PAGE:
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lives. i also wanted to say that as a parent, i know that as we get to work quickly, sometimes we do not understand as drivers that we share the road with people who are pedestrians and also bicyclist as well. i think signs like this -- even reducing speed in of the sensitive spots, maybe senior centers and other places might be an additional change. when members of the bus a coalition came out to speak at hearings for the community operations committee that i sit on, that was a strong urge that we reduced speed limits, not just around schools but in other sensitive areas. i also wanted to add that mayor lee mentioned that a number of studies had been done in our department of public health. they have looked closely at how policies like this can help make community safer and save lives, so thank you for the efforts. the last thing i wanted to say was that it does not come without a cause.
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the transportation authority -- and i chaired the finance committee of the transportation authority. we just a lot of -- i think it was $20,000, and the mta is contributing money as well, but it is well worth it when it helps save lives and keep our communities safer, so thank you very much, everyone. [applause] >> thank you, supervisor. there is another body that the voters have empowered to essentially manage and regulate traffic, and that is the sfmta board, and they took an action a couple of weeks ago to legislate the first batch of these zones to create, which has enabled under our recent 2007 state law, the creation of these school zones that allow us to create the 15 miles per hour safety zone in front of schools. on behalf of the sfmta board, i am happy to welcome up to the microphone, one of my bosses,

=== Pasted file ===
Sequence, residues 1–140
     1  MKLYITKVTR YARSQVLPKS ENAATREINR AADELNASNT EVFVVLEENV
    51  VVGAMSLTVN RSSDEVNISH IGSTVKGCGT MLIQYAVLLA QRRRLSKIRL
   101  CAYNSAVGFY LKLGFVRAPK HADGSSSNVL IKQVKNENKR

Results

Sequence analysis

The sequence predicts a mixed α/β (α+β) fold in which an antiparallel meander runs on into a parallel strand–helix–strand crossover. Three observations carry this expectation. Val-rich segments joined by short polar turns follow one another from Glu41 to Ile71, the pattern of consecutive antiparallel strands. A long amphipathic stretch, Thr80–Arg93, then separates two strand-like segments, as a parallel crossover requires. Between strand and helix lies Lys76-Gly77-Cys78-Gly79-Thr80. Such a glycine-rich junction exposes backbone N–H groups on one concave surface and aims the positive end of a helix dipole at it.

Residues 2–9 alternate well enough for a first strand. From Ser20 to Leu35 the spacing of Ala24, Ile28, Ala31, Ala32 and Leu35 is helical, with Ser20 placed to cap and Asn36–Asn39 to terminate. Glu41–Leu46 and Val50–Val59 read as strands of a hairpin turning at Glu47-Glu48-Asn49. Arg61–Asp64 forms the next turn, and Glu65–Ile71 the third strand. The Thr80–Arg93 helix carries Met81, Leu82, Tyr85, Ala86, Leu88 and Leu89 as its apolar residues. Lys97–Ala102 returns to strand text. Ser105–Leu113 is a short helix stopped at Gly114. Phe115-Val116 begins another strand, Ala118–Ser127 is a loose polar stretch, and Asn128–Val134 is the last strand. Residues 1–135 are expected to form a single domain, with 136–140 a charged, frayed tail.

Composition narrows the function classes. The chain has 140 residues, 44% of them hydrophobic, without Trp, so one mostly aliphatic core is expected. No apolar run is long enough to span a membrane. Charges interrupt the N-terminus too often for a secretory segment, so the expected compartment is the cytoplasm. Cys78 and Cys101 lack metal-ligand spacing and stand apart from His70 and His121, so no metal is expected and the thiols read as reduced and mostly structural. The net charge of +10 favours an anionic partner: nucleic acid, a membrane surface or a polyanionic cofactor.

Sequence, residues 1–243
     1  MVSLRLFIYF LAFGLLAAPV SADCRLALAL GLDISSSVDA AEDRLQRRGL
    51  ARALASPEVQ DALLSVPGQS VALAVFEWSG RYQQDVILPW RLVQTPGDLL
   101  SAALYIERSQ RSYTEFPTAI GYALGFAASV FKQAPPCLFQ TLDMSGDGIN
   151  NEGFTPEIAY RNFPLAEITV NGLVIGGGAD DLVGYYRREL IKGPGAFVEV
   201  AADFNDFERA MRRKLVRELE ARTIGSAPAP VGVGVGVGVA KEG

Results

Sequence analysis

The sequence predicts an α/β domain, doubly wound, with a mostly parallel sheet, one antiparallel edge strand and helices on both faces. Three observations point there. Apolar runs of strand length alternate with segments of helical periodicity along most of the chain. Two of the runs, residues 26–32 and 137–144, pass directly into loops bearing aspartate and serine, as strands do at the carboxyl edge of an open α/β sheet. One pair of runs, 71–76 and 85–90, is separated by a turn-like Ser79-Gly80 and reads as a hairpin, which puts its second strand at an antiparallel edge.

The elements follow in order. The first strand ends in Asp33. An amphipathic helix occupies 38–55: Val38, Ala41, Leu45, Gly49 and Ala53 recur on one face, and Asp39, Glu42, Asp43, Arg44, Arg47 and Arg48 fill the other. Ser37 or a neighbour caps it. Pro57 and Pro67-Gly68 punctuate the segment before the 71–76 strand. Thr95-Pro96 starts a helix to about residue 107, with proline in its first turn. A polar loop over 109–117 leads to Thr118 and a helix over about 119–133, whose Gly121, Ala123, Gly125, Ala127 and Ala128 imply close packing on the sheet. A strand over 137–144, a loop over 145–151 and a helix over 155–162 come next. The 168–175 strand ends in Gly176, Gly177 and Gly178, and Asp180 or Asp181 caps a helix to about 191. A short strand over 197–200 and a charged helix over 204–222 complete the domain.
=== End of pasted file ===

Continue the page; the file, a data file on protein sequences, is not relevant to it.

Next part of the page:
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director brinkman. [applause] >> thank you. i am so glad to be here. there is a growing body of research that shows we can make the schools -- the streets safer, and one of the ways we can do that is reduced speeds. if all else fails and a collision results, this speed limit saves lives. i am pleased to be here and to continue to work with the rest of the city, the rest of the organizations, and to know that they have the support of the mta board in these very important initiatives. thank you. [applause] >> thank you, director. the mayor and supervisor mar mentioned that there's different city agencies working together to make this happen. i think they both mentioned the health department has been a very strong partner, and i want to work knowledge there great work. it is their research that i want to reiterate the exponential